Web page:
Tim shrugged it off and returned to his cell.
About 30 minutes passed when the aforementioned apologetic sergeant showed up to give him the bad news. Even though prison medical staff had a reasonable certainty he didn’t have COVID-19, a decision had been made to send him to solitary confinement— sensory deprivation.
The sergeant told him that the medical staff couldn’t find any record of his quarantine during the outbreak—a clear display of just how irresponsible DOC medical staff are and have continued to be throughout the pandemic. If they cannot keep track of simple medical records, how can prisoners expect to be protected from the virus? Allegedly, the medical staff was going to continue searching for his records and he would be released from solitary once confirmed.
Frustrated, Tim was taken to solitary to experience the harsh conditions because DOC medical failed to do their job. But only Tim would feel the pain solitary has to offer while the medical staff returned to the comfort of their home that night—negligent without ever being accountable.
Shortly after Tim entered solitary confinement, a nurse showed up to administer a COVID-19 test, the type she claimed he should have originally received, given he had previously had the virus. He quickly provided the sample, hoping to prove he wasn’t infected and eager to be released from the vile tomb.
An hour later, another medical staff member returned and said his test was negative. Tim was excited and ready to return to the prison’s general population.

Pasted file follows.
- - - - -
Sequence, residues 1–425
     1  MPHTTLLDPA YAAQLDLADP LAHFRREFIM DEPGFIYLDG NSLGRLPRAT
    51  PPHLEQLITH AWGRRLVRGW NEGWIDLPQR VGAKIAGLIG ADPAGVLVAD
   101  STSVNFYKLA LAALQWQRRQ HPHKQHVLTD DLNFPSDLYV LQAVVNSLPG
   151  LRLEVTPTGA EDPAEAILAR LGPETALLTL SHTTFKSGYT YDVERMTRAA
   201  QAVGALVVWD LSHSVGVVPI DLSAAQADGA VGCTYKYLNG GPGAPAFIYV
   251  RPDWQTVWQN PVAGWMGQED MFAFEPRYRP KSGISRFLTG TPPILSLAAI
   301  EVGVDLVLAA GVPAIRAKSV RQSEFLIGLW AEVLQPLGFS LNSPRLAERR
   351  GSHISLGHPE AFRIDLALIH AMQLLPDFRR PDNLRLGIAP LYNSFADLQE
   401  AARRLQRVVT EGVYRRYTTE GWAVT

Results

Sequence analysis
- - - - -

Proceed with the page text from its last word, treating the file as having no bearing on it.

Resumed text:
“So when can I go back?” he eagerly asked.
“Well, I don’t know, let me get back to you on that,” the nurse said as she walked off.
Hours passed, no one returned.
The next morning, a third nurse showed up. They asked to take his vitals. Tim got down on his knees and pushed his arm through the small cup port on the thick steel door, struggling to maintain balance as they grabbed his arm.
“Your vitals are normal, looks good,” said the nurse.
“So when can I get outta here?” Tim asked.
“We need you to provide us with two negative tests before we can release you. We’ll be by tomorrow to take your next test.”
Annoyed, Tim stood up and slowly walked back to the thin pad he’d tossed and turned on the night before.
The following day, just after breakfast, a fourth medical staff member came by to administer his second COVID-19 test. Lunch came and went—no news. When dinner arrived he began to stress that he had tested positive. Why were they not coming back? He didn’t feel sick. Was it even possible to catch the virus twice in 90 days? So many questions rattled around in his mind.
When the guard opened the cup port to hand Tim his food, he realized he wasn’t hungry; in fact, he felt like he was on the verge of vomiting at any moment. He refused the tray of prison slop.
The next morning, his stress hadn’t subsided in the least. He had spent the whole night trying to fall asleep on a worn-out pad that couldn’t have amounted to more than a half-inch thick. He felt worse than he had the previous evening. “My metal hips and worn-out shoulders were throbbing in pain,” he said.
He refused breakfast. When lunch came he refused that too. Anytime medical staff passed, he stopped them and asked for an update on his status. Every answer he received was different: you have to be here 10 days with no symptoms, no, it’s 14 days, etc. At this point, it was more like spin-the-wheel and see where it lands. The bottom line was, he wouldn’t be leaving this place until they said he could.
Tim paced—nearly 12 hours a day—burning calories he didn’t have to burn. Sometimes he counted his steps, but mostly he was just lost in thoughts as he tried to understand this unforgiving situation. He tried to convince himself he wasn’t there for punishment and DOC would figure it out. However, that offered little help. Tim’s been in prison since 1980. He knows just how little he means to the system, convincing himself they’ll do the right thing is just stupid—he shames himself for even trying.